In an age of carefully stage-managed corporate announcements, the news that Gail Berman was jumping from Fox to Paramount spread via word of mouth faster than a fax from corporate communications to legal affairs.
Both sides blame the other for the leak; both say they had nothing to gain and everything to lose by letting the story get out.
Here’s what’s known: Berman broke the news to News Corp. prexy Peter Chernin over dinner on the night of March 21. By then her talks with Par were at an advanced stage, and presumably she had confidence a deal would be reached.
By noon the next day, the news was bouncing around the halls, but top execs at both companies say they learned of Berman’s exit from reports on the Web.
Par was in talks to bring Berman on as No. 2 to Brad Grey, but the deal was not done. Fox was about to be a network without a chief, but with an obvious heir, FX topper Peter Liguori, ready in the wings. (He got the job officially two days later, on March 24.)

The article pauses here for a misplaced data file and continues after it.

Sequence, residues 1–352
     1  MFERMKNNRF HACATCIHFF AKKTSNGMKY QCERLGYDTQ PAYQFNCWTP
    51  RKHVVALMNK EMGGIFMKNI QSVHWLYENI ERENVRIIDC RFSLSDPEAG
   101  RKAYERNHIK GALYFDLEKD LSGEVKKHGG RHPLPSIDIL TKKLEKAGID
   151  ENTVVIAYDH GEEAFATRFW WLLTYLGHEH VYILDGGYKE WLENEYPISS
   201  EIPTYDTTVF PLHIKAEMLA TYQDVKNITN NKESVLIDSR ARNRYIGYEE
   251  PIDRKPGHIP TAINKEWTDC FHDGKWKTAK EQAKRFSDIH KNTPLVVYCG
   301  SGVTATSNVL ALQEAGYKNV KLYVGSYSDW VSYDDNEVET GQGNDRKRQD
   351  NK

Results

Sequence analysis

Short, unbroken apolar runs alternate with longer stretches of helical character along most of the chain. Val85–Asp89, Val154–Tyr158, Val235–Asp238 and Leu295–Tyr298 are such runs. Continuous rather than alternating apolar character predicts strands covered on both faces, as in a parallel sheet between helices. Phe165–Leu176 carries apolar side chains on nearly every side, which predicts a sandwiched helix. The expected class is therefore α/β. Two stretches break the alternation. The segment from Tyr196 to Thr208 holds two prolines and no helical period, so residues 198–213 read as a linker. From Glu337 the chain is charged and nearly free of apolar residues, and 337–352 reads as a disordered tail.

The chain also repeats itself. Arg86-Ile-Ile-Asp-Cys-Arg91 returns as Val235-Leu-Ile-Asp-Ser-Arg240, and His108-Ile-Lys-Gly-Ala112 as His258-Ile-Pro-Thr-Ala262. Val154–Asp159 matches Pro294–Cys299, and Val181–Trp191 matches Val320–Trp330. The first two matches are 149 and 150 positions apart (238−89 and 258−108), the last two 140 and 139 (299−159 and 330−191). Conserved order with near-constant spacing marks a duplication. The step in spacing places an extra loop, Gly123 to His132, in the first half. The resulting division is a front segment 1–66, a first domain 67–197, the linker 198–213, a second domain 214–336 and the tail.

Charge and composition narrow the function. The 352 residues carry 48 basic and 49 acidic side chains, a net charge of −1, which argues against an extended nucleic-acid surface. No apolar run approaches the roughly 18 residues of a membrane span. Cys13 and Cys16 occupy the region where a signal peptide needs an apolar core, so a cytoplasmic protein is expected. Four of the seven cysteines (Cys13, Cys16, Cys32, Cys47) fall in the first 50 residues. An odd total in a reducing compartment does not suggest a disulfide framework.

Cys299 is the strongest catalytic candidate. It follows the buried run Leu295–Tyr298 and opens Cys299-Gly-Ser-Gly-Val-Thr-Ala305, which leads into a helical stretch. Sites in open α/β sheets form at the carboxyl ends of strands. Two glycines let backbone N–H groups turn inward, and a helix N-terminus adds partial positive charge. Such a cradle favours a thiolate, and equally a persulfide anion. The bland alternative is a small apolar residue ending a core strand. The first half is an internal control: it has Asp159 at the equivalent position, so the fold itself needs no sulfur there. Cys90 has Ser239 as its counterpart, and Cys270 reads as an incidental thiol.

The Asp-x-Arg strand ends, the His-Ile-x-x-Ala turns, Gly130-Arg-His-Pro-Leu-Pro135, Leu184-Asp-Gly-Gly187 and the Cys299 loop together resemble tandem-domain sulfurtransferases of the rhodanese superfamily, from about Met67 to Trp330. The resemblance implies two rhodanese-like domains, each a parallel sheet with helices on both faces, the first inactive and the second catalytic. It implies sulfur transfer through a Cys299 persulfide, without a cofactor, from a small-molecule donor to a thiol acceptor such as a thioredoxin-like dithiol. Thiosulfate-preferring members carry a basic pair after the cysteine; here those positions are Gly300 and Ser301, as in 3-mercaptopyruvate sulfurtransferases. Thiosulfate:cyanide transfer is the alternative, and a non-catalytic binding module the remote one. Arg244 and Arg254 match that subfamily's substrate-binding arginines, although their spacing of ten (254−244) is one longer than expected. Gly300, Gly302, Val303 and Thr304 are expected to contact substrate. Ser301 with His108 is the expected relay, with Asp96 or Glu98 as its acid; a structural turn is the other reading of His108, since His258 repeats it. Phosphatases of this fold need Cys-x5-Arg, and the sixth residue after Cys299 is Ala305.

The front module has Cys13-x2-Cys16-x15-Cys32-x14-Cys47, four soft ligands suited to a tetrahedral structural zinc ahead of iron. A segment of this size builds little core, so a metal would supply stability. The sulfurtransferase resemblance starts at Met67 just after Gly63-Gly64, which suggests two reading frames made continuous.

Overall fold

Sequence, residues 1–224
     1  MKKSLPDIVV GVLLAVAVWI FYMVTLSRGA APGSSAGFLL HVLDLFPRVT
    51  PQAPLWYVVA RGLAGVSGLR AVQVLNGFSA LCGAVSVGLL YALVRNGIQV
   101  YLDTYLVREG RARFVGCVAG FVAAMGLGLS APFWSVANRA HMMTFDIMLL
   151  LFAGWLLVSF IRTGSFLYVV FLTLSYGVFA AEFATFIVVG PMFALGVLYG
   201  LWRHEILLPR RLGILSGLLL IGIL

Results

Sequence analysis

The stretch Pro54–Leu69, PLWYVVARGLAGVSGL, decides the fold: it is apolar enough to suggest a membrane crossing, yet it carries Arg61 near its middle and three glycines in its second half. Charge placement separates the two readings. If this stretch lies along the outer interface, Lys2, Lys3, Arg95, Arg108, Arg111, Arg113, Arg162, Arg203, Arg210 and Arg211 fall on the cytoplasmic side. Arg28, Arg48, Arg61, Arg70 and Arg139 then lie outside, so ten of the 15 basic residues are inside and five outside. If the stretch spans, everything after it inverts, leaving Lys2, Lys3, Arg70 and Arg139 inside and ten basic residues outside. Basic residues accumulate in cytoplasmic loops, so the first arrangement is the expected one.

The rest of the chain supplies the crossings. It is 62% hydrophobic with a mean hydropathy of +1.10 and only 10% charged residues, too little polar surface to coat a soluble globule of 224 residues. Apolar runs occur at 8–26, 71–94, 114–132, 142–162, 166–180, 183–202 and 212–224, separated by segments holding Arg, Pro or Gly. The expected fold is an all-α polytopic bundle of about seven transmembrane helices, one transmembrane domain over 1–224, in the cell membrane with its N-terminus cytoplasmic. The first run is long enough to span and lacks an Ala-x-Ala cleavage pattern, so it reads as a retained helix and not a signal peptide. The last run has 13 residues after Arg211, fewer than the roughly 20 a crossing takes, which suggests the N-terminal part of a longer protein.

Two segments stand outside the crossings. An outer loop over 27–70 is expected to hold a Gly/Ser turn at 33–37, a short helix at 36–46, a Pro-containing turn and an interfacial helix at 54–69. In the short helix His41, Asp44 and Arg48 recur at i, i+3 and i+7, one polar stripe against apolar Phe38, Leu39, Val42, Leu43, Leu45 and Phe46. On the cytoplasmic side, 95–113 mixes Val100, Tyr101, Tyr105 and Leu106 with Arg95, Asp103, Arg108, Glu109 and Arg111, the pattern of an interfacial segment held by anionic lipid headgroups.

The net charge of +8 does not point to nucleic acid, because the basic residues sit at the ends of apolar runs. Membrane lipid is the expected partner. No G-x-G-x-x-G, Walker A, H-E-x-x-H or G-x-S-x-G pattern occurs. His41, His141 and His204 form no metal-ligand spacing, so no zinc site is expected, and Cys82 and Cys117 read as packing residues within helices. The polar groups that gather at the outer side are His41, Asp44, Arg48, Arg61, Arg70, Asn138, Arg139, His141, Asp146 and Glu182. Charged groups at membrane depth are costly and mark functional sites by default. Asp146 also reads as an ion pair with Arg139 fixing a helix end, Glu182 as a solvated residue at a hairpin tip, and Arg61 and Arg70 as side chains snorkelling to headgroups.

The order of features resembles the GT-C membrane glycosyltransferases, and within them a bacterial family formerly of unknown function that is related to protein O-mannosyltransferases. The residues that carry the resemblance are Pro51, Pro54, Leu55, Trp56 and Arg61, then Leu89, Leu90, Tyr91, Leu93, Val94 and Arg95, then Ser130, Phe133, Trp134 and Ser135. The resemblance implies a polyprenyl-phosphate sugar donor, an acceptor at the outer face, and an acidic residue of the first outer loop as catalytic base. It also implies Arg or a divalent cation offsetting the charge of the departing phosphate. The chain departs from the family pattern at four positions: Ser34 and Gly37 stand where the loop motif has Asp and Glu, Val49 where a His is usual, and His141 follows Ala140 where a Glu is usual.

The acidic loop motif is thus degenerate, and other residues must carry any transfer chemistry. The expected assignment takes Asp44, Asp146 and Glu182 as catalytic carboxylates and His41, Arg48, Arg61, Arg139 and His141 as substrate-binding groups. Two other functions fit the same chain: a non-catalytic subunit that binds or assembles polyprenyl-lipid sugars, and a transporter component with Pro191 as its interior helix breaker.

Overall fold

By the afternoon, Par issued a hasty statement saying, “We hope to conclude the discussions shortly.”
If an irked Chernin leaked the Berman news, as Par execs suspect, he may have increased his negotiating leverage with Berman, whose contract runs out in June.
If Par execs leaked the news, as Fox execs suspect, Grey sends the message that he and Viacom co-prexy Tom Freston plan to shake up the studio, and no one’s position is sacred.
Grey’s hands-off approach to announcing Berman’s hire may be less about agenda than about personal M.O.
Other spinmeisters note intra-conglom moves — this one between News Corp. and Viacom — are always difficult to orchestrate, especially when the shift is between two separate, and mutually suspicious, wings of the industry — TV and film.